Army-Supported Research Tackles Brain Signal Separation for Potential Military Applications

Army-Supported Research Tackles Brain Signal Separation for Potential Military Applications
Warfighter Behavior

U.S. Army-funded research has demonstrated the isolation of brain signals that help to determine a warfighter's motion and behavior, C4ISRnet reported Wednesday.

The Army seeks technology that transmits information to a soldier's brain so that he may take preemptive action before an incident occurs. In support of this goal, U.S. Army Research Office funded a project that used algorithms to separate behavior-relevant brain signals from those that are not.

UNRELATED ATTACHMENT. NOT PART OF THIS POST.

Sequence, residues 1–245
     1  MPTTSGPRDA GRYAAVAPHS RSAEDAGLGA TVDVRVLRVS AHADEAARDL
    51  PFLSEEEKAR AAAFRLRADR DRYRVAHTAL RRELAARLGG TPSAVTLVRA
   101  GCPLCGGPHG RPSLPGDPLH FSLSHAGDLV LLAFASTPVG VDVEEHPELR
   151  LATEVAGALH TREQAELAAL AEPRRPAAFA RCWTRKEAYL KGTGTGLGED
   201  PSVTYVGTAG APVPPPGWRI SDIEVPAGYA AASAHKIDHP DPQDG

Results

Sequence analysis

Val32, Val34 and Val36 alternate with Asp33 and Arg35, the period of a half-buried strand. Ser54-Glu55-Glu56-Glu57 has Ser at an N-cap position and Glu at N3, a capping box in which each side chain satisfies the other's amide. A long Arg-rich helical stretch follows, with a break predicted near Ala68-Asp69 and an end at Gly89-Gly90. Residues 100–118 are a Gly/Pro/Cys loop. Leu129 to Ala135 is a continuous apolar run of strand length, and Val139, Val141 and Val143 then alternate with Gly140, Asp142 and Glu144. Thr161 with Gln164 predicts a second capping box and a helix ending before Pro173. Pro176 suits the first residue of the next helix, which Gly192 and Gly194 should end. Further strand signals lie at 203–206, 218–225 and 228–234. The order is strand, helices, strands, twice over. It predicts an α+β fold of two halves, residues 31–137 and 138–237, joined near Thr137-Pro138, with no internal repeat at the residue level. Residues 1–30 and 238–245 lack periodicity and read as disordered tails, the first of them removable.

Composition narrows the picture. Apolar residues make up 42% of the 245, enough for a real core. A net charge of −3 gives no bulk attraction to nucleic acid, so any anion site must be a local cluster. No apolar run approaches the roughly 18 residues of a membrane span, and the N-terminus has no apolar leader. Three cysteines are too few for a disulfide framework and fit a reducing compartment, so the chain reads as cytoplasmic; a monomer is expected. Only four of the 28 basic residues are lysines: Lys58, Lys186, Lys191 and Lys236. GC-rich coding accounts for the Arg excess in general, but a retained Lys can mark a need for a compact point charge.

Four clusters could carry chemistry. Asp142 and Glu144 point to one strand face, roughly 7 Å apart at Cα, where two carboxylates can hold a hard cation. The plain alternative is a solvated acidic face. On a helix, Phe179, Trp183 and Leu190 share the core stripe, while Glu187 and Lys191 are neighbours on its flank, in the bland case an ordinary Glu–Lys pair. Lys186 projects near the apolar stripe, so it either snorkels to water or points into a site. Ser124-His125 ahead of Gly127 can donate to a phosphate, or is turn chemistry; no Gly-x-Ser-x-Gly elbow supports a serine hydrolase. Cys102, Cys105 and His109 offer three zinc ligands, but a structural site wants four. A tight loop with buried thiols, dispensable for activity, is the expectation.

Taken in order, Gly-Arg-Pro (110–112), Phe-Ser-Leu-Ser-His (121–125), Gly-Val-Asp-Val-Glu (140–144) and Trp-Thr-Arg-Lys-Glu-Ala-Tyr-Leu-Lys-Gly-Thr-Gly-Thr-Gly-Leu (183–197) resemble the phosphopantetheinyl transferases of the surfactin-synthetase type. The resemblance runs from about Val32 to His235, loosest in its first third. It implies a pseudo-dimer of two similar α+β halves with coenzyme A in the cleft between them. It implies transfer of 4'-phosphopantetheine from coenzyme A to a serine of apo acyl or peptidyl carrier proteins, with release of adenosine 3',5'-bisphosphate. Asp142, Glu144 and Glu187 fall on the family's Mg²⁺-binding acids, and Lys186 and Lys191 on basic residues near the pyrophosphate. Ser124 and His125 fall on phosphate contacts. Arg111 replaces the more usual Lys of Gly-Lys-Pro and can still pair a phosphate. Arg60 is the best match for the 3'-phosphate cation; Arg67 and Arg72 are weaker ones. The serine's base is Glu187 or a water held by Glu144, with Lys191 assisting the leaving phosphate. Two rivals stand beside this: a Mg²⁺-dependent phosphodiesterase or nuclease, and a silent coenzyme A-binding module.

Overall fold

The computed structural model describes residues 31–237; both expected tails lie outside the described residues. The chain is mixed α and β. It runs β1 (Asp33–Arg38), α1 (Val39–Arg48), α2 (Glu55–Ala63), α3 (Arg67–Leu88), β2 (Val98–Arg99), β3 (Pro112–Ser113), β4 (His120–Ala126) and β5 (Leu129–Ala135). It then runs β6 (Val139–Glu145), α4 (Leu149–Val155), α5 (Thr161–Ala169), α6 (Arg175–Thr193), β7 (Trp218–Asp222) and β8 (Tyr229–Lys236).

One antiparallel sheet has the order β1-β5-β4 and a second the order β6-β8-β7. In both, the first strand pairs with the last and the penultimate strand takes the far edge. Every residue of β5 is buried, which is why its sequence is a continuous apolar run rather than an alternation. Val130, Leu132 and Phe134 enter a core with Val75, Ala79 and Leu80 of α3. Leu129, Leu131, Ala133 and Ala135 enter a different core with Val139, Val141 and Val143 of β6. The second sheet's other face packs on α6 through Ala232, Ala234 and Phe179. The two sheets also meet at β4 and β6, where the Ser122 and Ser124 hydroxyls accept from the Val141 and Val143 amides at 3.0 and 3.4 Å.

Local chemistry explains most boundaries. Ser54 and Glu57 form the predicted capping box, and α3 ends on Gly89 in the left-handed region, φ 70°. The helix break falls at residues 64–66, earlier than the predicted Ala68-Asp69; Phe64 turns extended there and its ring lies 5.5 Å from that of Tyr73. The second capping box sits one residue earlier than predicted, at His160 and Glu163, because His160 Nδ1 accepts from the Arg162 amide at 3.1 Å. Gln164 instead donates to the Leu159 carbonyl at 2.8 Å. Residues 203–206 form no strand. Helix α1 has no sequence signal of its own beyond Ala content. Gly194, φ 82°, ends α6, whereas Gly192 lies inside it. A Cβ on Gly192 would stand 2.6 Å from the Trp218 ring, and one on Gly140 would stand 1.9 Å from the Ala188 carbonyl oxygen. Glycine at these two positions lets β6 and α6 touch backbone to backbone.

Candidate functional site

The project's team led by the University of Southern California (USC) experimented this method on a moving monkey and plans to expand the research to cover other types of brain signals.

“The next step after that is to break it down into words so that … you can synthesize in a sense, like you learn your vocabulary and your alphabet, then you are able to compose,” said Hamid Krim, a program manager at Army Research Office.

You may also be interested in...

David McKeown

David McKeown: DOD Eyes Creation of Zero-Trust-Focused Portfolio Office

David McKeown, the Department of Defense's (DOD) equivalent of a chief information security officer, said DOD is looking to establish a portfolio management office that specializes in zero-trust cybersecurity. The office's creation would help DOD centralize and manage efforts to implement a zero-trust architecture, which strictly imposes requirements before one is able to access the defense network.